Vladimir Socor has a good piece describing Russian shipbuilders’ complaints to the Federal Antimonopoly Service (FAS) about the Mistral purchase as another way to press Paris to finalize the deal on Moscow’s terms. Socor says:
“In line with the Russian government’s tactics, [Deputy PM and OSK Board Chairman] Sechin is signaling that Moscow could turn to other international shipbuilders, or ultimately to Russian shipbuilders, if France does not sweeten the terms of the Mistral deal for Russia.”
“Thus, Sechin’s subsidiaries [Yantar and Admiralty] ostensibly seek anti-monopoly action in a case handled by Sechin himself for the Russian government.”
This points up the bizarre circumstance in which Sechin is negotiating with the French, while his OSK subsidiaries complain about the potential deal.
But, as Interfaks wrote on Wednesday, FAS says it lacks jurisdiction over the complaint from Yantar and Admiralty. FAS also says there’s no basis for a complaint since no deal for Mistral has been reached.
The shipyards argue they’ve been excluded from bidding to build amphibious assault ships for the Navy, and the terms of the competition weren’t publicly announced. Their complaint seems to have merit since, from the outset, the Defense Ministry went directly after a specific ship and supplier, without issuing general requirements for a ship class.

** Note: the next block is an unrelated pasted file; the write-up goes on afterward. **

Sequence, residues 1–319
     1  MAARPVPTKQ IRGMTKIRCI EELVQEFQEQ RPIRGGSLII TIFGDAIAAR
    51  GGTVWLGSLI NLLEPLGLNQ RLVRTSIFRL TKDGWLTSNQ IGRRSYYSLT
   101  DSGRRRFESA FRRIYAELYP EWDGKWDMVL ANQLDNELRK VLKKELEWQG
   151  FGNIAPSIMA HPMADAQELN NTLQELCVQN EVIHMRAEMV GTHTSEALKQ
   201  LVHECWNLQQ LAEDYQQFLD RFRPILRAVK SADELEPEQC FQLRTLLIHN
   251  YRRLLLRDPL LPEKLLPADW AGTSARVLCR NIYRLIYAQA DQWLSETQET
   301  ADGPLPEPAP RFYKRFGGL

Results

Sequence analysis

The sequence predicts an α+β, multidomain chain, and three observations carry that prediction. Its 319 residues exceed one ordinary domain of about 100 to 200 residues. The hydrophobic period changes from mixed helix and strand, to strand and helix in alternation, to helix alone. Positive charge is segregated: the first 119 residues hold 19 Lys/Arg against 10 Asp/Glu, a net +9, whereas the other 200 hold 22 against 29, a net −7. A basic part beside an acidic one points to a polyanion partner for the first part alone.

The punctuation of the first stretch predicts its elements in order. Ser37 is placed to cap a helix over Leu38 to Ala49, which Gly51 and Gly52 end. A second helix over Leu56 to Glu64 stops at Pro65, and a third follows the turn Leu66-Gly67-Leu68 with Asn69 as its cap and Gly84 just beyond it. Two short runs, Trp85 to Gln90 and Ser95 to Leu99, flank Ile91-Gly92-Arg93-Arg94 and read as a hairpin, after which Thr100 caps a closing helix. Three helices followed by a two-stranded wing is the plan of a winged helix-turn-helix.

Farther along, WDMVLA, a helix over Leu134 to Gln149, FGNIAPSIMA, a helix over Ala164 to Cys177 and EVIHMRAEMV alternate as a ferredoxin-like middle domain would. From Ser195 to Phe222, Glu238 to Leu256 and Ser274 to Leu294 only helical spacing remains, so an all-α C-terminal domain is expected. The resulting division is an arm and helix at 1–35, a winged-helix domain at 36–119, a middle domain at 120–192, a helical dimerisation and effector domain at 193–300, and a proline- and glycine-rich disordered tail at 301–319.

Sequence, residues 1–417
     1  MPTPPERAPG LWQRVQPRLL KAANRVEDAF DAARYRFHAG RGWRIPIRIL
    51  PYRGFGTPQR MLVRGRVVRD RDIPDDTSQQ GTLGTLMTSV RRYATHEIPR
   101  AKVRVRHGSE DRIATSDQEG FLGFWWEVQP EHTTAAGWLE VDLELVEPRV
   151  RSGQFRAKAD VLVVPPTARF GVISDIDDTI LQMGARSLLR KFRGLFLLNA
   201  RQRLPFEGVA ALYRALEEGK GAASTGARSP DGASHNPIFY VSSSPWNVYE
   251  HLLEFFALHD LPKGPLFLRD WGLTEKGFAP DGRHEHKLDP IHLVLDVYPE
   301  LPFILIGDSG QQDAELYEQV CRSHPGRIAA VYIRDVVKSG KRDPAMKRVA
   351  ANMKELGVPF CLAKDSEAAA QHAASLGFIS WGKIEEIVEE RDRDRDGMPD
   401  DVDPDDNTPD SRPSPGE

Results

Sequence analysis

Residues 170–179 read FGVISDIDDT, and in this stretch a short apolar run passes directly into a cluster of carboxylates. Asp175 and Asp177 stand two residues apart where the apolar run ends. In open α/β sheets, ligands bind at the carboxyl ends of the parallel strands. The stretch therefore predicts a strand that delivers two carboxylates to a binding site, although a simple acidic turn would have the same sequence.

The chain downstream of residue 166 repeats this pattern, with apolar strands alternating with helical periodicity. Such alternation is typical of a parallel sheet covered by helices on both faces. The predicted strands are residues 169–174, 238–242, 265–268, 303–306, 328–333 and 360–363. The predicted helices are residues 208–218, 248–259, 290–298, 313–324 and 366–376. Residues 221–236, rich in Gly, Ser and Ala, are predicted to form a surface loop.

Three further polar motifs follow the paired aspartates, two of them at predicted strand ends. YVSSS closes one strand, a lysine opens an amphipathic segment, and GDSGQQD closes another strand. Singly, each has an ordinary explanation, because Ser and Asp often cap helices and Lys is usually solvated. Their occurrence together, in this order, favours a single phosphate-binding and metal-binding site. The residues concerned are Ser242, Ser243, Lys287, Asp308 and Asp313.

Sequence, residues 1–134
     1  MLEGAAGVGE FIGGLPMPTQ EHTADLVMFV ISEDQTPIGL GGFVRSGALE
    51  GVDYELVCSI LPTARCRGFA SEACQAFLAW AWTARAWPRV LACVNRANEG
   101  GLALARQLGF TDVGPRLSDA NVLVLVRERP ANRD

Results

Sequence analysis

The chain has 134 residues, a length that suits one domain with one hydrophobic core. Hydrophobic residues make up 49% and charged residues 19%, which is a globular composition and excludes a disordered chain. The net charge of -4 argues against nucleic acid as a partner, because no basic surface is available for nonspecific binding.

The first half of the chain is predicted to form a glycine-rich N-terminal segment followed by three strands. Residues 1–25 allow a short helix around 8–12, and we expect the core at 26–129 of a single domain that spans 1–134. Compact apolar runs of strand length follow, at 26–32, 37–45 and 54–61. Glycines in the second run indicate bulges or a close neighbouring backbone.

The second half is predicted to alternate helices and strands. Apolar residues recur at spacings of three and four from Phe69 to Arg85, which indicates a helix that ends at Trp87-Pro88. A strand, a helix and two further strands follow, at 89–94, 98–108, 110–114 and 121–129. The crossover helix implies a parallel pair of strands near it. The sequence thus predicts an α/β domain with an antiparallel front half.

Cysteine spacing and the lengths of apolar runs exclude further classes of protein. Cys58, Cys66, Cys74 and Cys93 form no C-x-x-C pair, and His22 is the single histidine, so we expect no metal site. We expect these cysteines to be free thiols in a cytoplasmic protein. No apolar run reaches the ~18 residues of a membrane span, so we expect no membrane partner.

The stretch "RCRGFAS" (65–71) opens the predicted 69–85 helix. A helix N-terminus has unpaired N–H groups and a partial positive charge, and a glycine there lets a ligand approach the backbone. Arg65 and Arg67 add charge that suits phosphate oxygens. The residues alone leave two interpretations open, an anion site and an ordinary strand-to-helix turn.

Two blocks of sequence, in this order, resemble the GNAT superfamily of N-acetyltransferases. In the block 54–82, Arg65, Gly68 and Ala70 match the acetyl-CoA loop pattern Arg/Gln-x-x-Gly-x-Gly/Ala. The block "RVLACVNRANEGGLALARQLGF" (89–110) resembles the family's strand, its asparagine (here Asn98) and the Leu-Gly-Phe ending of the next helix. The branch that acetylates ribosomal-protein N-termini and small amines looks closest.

According to Interfaks, OSK supports Yantar and Admiralty, and calls the Defense Ministry’s actions ‘obscure.’ Its representatives periodically speak of Mistral like a done deal, but how the deal will proceed remains unclear. An OSK source says, “And every time such statements deliver a blow to the self-esteem of domestic shipbuilders who know how to make these ships.”
And, as Socor notes, talks continue also with the Dutch and Spanish [as Defense Minister Serdyukov has always pointed out] and now the possibility of a deal with the South Koreans has been thrown in, further roiling the waters.
Izvestiya yesterday said OSK President Roman Trotsenko sent a letter to Defense Minister Serdyukov proposing a review of the military’s plans to acquire Mistral. In its place, Trotsenko suggests building the South Korean Dokdo under license in a Russian shipyard. He says he can build it in three years, and more cheaply than Mistral by one-third. OSK has a joint production agreement with Dokdo builder Daewoo.
The Defense Ministry insists Russian builders demurred when asked if they could build these ships. Izvestiya doubts Trotsenko’s offer is realistic given the lack of available Russian buildingways. But the paper concludes the appearance of the letter shows the struggle for the amphibious carrier contract isn’t over.